Why won't Newsom name Jew's real replacement?

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More and more City Hall watchers are focusing on the asterisk that the Mayor's Office has left next to the name of the newest member of the Board of Supervisors, Carmen Chu.

"She's an interim replacement," Newsom flak Nathan Ballard confirmed for me yesterday. In other words, she may just be a placeholder until the Board of Supervisors votes whether to remove disgraced Sup. Ed Jew from office a few weeks from now.

"At the point when Ed Jew is removed from office...then the mayor would have the opportunity to appoint a permanent replacement or appoint Carmen," Ballard said. Asked whether the mayor has made that decision yet, Ballard told us, "We'll cross that bridge when we come to it."

This is unbelievable, particularly given the FBI raided Jew's office and by his own admission found a wad of ill-gotten cash way back in May. Newsom has had plenty of time to pick a replacement, and probably already did well before Monday when he informed Chu of her selection. And I'm not the only one who smells the foul stench of a political power grab in Newsom's strangely secretive ploy.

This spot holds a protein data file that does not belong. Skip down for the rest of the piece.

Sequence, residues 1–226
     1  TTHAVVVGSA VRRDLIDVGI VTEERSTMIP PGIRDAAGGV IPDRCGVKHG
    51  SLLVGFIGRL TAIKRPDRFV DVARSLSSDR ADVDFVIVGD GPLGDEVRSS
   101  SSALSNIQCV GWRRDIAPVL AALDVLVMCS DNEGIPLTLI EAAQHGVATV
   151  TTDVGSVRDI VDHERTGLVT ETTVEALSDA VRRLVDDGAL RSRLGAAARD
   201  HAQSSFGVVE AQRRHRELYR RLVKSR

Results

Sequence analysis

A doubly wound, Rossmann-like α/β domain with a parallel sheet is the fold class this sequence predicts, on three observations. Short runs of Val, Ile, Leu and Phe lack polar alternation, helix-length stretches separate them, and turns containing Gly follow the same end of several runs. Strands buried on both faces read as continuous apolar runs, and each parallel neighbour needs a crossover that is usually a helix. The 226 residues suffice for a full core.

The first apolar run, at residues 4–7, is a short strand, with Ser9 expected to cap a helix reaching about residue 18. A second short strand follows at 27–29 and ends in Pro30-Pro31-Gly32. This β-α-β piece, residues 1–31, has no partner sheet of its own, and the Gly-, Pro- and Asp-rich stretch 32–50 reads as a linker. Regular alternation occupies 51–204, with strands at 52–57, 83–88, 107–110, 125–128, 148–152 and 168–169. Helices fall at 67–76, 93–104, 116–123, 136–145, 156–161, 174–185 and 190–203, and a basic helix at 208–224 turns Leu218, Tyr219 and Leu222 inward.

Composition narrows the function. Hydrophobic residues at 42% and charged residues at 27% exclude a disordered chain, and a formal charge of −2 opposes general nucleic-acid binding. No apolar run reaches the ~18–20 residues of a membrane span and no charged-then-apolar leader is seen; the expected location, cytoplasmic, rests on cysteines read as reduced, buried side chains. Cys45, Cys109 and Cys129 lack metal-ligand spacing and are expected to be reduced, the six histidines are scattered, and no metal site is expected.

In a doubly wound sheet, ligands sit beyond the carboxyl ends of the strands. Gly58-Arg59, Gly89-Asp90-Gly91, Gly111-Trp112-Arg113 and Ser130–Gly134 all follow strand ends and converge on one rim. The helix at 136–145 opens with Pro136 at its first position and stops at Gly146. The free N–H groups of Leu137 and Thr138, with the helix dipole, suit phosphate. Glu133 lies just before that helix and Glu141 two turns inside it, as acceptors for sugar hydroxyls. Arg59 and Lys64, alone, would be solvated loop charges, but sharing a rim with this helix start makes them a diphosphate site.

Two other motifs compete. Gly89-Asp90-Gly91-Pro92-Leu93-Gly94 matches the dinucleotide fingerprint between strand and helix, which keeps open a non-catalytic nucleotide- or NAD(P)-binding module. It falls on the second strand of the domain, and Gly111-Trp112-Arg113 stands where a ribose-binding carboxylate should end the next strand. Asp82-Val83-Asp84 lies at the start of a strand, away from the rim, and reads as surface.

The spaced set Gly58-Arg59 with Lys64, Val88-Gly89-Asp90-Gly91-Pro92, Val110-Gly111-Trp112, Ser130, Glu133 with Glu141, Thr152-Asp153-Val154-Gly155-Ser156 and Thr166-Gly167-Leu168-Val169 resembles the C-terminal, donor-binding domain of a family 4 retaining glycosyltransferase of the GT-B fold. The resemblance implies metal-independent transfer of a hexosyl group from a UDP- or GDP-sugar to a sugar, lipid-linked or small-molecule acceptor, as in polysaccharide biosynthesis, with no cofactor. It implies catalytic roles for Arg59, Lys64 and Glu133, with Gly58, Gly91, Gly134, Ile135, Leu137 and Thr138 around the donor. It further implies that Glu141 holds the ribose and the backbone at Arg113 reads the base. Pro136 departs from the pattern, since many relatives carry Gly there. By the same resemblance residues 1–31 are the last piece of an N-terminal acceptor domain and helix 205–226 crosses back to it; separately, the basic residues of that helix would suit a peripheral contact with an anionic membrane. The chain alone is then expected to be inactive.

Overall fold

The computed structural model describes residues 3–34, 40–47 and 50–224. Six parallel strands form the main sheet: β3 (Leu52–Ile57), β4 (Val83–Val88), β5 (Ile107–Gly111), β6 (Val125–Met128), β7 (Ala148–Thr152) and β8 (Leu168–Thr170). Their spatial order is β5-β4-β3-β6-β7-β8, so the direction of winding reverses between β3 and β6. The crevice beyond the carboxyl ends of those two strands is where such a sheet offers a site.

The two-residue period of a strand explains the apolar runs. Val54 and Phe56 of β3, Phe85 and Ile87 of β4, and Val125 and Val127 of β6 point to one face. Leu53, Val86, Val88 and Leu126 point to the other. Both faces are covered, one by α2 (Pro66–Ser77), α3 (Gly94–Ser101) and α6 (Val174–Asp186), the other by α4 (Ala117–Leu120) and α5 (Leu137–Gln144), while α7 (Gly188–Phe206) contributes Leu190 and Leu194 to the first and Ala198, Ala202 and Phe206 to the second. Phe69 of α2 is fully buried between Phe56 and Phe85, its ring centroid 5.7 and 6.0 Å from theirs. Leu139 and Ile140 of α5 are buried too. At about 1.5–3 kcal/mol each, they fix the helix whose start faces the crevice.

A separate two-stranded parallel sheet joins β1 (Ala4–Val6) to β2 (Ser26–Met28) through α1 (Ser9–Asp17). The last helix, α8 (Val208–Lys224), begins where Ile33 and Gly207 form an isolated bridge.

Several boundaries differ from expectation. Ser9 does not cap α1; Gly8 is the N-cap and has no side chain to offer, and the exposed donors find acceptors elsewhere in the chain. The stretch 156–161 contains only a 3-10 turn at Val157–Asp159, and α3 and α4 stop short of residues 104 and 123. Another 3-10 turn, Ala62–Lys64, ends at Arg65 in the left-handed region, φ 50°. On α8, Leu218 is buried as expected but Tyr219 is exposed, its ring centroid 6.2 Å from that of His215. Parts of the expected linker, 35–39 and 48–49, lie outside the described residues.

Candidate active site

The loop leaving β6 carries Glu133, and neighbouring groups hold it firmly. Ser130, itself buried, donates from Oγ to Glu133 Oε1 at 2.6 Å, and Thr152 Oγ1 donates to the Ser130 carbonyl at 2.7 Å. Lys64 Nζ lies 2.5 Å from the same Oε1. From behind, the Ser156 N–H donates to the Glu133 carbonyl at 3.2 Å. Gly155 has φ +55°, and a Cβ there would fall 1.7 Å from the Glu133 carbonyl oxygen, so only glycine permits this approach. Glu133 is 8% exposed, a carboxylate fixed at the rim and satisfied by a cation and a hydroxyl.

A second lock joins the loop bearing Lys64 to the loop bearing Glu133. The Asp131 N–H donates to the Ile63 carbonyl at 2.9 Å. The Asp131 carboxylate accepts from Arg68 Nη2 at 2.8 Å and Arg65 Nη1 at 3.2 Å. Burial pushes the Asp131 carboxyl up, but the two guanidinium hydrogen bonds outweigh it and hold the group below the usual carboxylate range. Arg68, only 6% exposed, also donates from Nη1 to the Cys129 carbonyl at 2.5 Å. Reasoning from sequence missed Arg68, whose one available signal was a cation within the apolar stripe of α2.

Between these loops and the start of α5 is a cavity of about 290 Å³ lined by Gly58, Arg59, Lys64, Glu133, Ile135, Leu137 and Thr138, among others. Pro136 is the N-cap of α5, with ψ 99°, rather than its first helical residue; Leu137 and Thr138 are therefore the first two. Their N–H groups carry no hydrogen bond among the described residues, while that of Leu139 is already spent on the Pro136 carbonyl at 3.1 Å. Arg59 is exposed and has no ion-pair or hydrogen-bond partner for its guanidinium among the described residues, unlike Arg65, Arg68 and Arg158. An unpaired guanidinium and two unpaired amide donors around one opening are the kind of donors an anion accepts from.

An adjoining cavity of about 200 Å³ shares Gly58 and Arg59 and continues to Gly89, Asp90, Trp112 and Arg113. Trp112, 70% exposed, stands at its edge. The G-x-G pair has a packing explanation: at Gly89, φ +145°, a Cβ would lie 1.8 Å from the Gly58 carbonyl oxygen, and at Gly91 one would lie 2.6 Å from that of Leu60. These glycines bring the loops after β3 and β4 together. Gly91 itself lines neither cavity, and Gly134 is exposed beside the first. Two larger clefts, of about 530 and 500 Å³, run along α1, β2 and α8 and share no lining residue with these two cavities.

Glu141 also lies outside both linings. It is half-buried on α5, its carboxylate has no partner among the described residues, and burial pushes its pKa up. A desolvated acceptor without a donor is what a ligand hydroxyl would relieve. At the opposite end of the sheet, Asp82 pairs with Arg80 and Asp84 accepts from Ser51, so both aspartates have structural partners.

Sup. Chris Daly doesn't think Chu will be the ultimate choice, as he told me and the Chronicle yesterday. "I think she's not their intended replacement supervisor," Daly told us. Ballard may have mocked Daly's "vivid imagination" in his comments to the Chron, but the suspicion is borne out by Ballard's own label of Chu and by several sources who have talked to Chu and note her dodging of questions whether she'll be here in a month and lack of hunger for the job (not to mention her strange comment at yesterday's press conference that she doesn't understand Dist. 4 -- not exactly something someone who will have to run to keep the seat next year would say).

In fact, the big fear of Daly and other progressives is that Newsom has another triple play in mind to expand his control of the board, a possible plan that I heard about way back in June. Already, Sup. Michela Alioto-Pier indicated to the Chron that she may vote against Jew's removal, so all it would take is one more supervisor's vote to keep Jew on the board. Who knows, maybe Daly will end up being that supervisor, although such a move could have a big downside if he's perceived as playing politics with an important decision.

Yet for now, it's Newsom who's playing politics, and Daly is calling him out, "I would like to, at the very least, have the Mayor's Office announce their permanent replacement." Frankly, that's the least we should expect from a mayor who's still trying to rebuild his damaged integrity.